Don’t start fights. Don’t threaten people. Don’t damage other peoples’ property. Don’t steal. Don’t cheat people. There’s nothing mysterious about any of these, is there? Nothing complicated, nothing opaque. I’d bet, reader, that you agree with all of them. I’d bet you condemn anyone that goes against them. So, how come you’re not an anarchist?
Maybe that sounds like an odd question. Surely it’s us anarchists that should have to explain our deviation? But the question really shouldn’t sound odd given that the whole world subscribes to the beliefs listed above. “Libertarianism”, “Market anarchism,” these are fancy sounding terms. They reek of high theory. And there’s plenty of that in there if you’re looking for it, it’s true. But fundamentally libertarianism contains nothing other than the basic principles almost everybody lives by. All that stuff about it being wrong to steal and wrong to use violence to get your way that everybody believes – market anarchists believe it, too. We really, really believe it. We believe it’s wrong in every case. And, for us, that doesn’t change just because the government is the one doing it.
In the most generous, non-judgemental, non-prejudicial way of putting it, a government is a group of people who provide certain services within a certain area. What (and how many) these services in fact are differs from government to government; what (and how many) they “should” be differs from one supporter of government to the next. Perhaps government provides schools; perhaps it provides shoes. Perhaps it “should” provide both; perhaps neither, but instead content itself with the provision of police and courts, say. It matters not. Government provides services, which it makes available to people living within its reach.
There’s a Chinese takeaway near me that delivers within a three mile radius. If you want a meal you can ring them up, and if you live within that radius, a driver will drop it off for you. You’ll have to pay for your food when he does, of course, but no one would argue with this. But say the owner comes round my house out of the blue, and demands money from me. When I ask him why he thinks I owe him money, he tells me that it’s because I live within three miles of his business. He provides a service available to people living in this area, therefore I must pay up. When I protest that I’ve not ordered any food, that I don’t want any food and that I’m not interested in anything he has to offer, he tells me it doesn’t make any difference. I live in the area where he offers his services, so I must pay for them whether I asked for them or not, whether I use them or not. What is more, he tells me that, should I refuse to pay, then men wearing the official uniform of his Chinese takeaway business will descend upon my home and forcibly extract ‘payment’ from me. But I shouldn’t make a fuss, he says, because I could easily move to somewhere a bit further away if I didn’t want to give him any money. Now, were this to actually happen everyone would agree that this man – assuming he had not simply lost his mind – was a criminal. It would be perfectly obvious that this was robbery.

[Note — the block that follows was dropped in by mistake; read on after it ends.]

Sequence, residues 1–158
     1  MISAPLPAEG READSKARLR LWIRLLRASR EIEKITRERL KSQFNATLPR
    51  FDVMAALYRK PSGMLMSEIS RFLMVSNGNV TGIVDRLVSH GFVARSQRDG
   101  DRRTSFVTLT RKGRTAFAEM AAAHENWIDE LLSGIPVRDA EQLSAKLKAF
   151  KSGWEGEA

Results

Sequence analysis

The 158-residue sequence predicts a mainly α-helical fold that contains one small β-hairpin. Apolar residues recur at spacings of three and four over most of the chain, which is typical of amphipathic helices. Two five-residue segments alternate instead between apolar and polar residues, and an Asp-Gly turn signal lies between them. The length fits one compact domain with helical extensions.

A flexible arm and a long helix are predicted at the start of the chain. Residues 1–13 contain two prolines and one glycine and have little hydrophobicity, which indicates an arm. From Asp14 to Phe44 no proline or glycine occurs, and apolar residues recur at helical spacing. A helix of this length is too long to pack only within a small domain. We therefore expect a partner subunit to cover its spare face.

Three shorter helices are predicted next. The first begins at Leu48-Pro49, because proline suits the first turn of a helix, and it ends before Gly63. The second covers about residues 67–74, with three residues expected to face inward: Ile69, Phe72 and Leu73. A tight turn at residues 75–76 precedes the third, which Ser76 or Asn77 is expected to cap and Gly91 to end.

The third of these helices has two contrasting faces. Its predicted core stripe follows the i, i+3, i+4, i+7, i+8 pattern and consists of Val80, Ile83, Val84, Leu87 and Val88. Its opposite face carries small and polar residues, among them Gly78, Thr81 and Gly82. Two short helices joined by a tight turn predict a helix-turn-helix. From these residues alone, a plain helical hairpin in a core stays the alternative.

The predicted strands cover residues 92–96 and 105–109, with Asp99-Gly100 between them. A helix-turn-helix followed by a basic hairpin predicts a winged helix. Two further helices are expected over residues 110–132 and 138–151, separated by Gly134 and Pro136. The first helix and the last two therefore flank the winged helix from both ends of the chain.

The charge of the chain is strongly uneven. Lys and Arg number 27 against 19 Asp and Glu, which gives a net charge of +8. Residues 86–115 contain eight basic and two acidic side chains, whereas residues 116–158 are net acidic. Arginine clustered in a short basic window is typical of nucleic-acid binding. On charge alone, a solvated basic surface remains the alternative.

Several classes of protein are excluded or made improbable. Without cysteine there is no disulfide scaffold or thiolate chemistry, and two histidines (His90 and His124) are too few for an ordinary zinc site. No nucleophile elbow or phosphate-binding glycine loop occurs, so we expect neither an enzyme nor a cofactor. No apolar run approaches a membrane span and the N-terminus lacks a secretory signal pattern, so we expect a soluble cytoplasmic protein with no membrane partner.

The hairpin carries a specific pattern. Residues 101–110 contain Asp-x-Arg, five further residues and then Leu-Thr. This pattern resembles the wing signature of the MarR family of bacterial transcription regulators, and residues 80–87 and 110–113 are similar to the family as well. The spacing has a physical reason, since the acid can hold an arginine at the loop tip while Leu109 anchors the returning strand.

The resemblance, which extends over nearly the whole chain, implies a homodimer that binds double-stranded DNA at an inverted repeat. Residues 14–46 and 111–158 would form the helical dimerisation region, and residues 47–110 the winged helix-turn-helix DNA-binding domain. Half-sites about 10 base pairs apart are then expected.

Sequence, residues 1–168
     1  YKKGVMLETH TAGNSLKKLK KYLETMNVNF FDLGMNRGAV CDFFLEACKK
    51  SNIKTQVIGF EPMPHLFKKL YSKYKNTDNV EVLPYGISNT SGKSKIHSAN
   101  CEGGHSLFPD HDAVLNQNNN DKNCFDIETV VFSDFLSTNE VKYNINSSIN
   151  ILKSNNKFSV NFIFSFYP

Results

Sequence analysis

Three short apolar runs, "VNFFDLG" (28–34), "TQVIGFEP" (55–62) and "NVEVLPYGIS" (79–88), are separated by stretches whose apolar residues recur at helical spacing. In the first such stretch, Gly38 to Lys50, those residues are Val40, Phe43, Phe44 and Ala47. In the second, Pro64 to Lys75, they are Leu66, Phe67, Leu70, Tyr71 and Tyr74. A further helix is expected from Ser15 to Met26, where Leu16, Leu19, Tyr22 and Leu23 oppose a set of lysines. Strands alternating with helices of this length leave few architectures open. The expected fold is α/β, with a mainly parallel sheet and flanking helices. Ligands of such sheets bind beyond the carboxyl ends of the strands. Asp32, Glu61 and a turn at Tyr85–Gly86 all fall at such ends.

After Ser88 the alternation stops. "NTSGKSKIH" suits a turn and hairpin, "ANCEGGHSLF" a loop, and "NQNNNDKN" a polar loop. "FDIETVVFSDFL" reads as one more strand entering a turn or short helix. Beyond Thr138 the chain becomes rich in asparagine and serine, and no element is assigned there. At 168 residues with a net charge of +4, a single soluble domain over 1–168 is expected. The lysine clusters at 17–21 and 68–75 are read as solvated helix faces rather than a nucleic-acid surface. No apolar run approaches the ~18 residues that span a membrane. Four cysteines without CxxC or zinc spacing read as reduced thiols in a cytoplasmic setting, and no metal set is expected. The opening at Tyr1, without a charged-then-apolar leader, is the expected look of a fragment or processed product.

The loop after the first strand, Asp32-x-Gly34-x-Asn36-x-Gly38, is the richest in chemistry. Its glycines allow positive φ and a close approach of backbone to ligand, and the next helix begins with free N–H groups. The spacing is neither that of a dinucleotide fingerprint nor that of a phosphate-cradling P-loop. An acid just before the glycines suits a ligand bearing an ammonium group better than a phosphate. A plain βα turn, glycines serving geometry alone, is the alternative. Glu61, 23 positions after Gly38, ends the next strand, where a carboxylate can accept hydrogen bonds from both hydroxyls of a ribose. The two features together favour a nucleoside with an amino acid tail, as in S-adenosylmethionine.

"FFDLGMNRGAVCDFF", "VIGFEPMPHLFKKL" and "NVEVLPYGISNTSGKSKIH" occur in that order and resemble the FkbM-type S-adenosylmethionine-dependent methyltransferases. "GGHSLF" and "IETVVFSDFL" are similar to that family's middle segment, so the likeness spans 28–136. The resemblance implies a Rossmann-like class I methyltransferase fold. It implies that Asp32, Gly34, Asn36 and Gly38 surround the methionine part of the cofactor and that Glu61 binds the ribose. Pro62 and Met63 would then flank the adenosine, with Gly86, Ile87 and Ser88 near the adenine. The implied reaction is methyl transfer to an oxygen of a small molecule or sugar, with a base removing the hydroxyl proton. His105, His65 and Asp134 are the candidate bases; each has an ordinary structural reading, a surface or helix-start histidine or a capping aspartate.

Again, down the road from me there’s a mini supermarket. Just like any other shop, you can buy stuff from there if you want. But if you’re not interested, you don’t have to give them any money – no one forces you to shop there. But what if, walking past one day, I were to be grabbed by the manager. He demands to know where I live. I tell him. That’s within walking distance, he says. He offers a service to people within walking distance of his shop, therefore I must pay him a certain sum of money. I protest that I haven’t asked for him to provide me with any service, that I’m not interested in any service that he offers. Doesn’t matter, he says. A number of people who live near me currently benefit from his services, and by not paying him I’m being “anti-social,” shirking my “fair share”. And, if I refuse to hand over any money, some men dressed in the official uniform of his shop will pay me a visit to take it from me. Were this to actually happen it would be completely obvious that this man was a criminal. No one would doubt for a moment that he was robbing me.
Examples could be multiplied without end, but the results would not, and could not change. Any private individual who behaved in such a fashion would be regarded by all as a villain. Private individuals who force their services on unwilling recipients then demand payment backed up by threats are recognised as robbers. And if a service is of the nature that it cannot be refused, this doesn’t justify the demand. If anything it makes it more outrageous. For example, were a brass band to perform unannounced and uninvited in a park, then go around demanding money on the grounds that “you all heard the music we played, you all received a service from us”, who would regard this as anything other than robbery? Or again, say you had a neighbour with a well-kept garden full of beautiful, exquisitely fragranced flowers. If he were to attempt to force you to give him money because you ‘benefit’ from smelling the flowers in his garden, you’d see him for the disgraceful crook he is.
No one would accept behaviour such by private persons. No one would defend such behaviour by private persons. Why on earth should anyone tolerate them from governments? For what is a government but a group of men? If you really believe robbery is wrong; if you really believe initiating violence is wrong; if you really believe in private property; if you really believe in free markets, then there’s only one thing you can do. You must be consistent. You must apply the same standard to government that you apply to individuals. In short, you must become an anarchist.